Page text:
Sugar-Sweetened Beverages CAPPA SSBs diabetes SSB
The federal government plans to increase SSB tax from 10% to 20%

Imposing SSB Tax ‘ll Reduce Non-Communicable Diseases — NASR

Imposing huge taxes on Sugar-Sweetened Beverages and alcoholic drinks will discourage consumption and help poor indigent Nigerians from coming down with non-communicable diseases, the National Action on Sugar Reduction Coalition has said.

The Co-Chairman of NASR, Dr. Alhassan Umar, made this known in a statement made available to newsmen in Abuja on Saturday.

He said the NASR coalition had constantly advocated for huge taxes to be imposed on SSB products, stressing that apart from discouraging Nigerians from buying, it would reduce the burden of diabetes, hypertension and other non-communicable diseases associated with the intake of sweet things.

Umar noted that the Presidential Fiscal Policy and Tax Reforms Committee recently convened a stakeholder meeting with trade associations, CSOs, and NGOs to discuss pathways for tax reforms that would boost economic growth in Nigeria.

He also said the committee’s chairman, Taiwo Oyedele, said that the committee aims to reduce the tax burden on Nigerians by primarily taxing the wealthiest one per cent of the population, rather than enacting any new taxes.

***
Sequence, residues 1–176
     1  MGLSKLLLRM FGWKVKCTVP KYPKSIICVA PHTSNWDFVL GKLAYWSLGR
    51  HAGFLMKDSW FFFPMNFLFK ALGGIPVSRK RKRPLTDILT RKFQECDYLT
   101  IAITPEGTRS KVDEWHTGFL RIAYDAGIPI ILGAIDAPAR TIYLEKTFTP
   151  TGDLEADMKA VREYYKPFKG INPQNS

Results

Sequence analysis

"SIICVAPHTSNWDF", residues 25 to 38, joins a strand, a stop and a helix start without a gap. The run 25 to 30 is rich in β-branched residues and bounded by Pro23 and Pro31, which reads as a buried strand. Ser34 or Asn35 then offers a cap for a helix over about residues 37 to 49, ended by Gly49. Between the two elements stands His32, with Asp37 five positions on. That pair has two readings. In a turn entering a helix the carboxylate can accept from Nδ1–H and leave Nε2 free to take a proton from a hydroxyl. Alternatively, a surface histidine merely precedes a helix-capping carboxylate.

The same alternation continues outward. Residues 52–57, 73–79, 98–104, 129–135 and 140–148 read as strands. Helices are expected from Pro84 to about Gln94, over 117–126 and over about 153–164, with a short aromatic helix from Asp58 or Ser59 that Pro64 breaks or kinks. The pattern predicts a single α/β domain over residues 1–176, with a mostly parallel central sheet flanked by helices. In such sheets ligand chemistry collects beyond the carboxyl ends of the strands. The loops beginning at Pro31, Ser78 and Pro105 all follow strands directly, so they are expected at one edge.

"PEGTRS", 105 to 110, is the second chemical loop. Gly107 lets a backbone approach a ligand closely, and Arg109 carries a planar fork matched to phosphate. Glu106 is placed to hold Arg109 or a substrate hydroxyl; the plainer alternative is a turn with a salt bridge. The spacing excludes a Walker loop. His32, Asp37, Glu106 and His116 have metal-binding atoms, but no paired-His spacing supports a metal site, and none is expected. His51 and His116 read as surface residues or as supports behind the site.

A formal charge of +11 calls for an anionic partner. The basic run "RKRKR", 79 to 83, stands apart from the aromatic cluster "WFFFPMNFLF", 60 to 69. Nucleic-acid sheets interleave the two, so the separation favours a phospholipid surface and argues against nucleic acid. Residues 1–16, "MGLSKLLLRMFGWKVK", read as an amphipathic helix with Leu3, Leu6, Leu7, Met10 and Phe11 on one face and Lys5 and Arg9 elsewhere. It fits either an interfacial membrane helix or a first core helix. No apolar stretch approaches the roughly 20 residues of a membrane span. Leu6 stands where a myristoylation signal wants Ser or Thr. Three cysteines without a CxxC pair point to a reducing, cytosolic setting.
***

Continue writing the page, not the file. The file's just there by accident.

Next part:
This will be more effective and ultimately result in more revenue, he said

Umar further noted that Oyedele observed that nations which enacted similar tax policies have seen higher rates of economic expansion and revenue.

He restated the committee’s commitment to identify locally developed solutions that were appropriate for the job at hand.

The fiscal policy and tax reforms committee, the chairman noted, is dedicated to enhancing confidence in government and transparency with the Nigerian people.

In the statement, it was noted that a member of the NASR coalition and the Executive Director of Project Pink Blue, Mr. Runcie Chidebe, said sugary drink taxes were essential to alleviate the burden on the poor.

He said, “The SSB tax is not a tax on the poor, it is a tax on products that are harmful to health, and thus a pro-health fiscal policy.

“I am concerned about why we should not tax the poor; we must take tax policy steps to protect the vulnerable.

“Many of the poor have lower socioeconomic status and they are more prone to consume SSB, processed foods that place them at a higher risk of diabetes and other non-communicable diseases.

”The NASR coalition contends that not implementing the SSB tax is counterproductive to public and preventive health practices, especially since there is evidence that implementing SSB taxes results in a healthier population,” Chidebe said.

Recently, the World Health Organisation issued a report recommending higher sugary drink taxes, to create healthier food environments and prevent non-communicable diseases and deaths.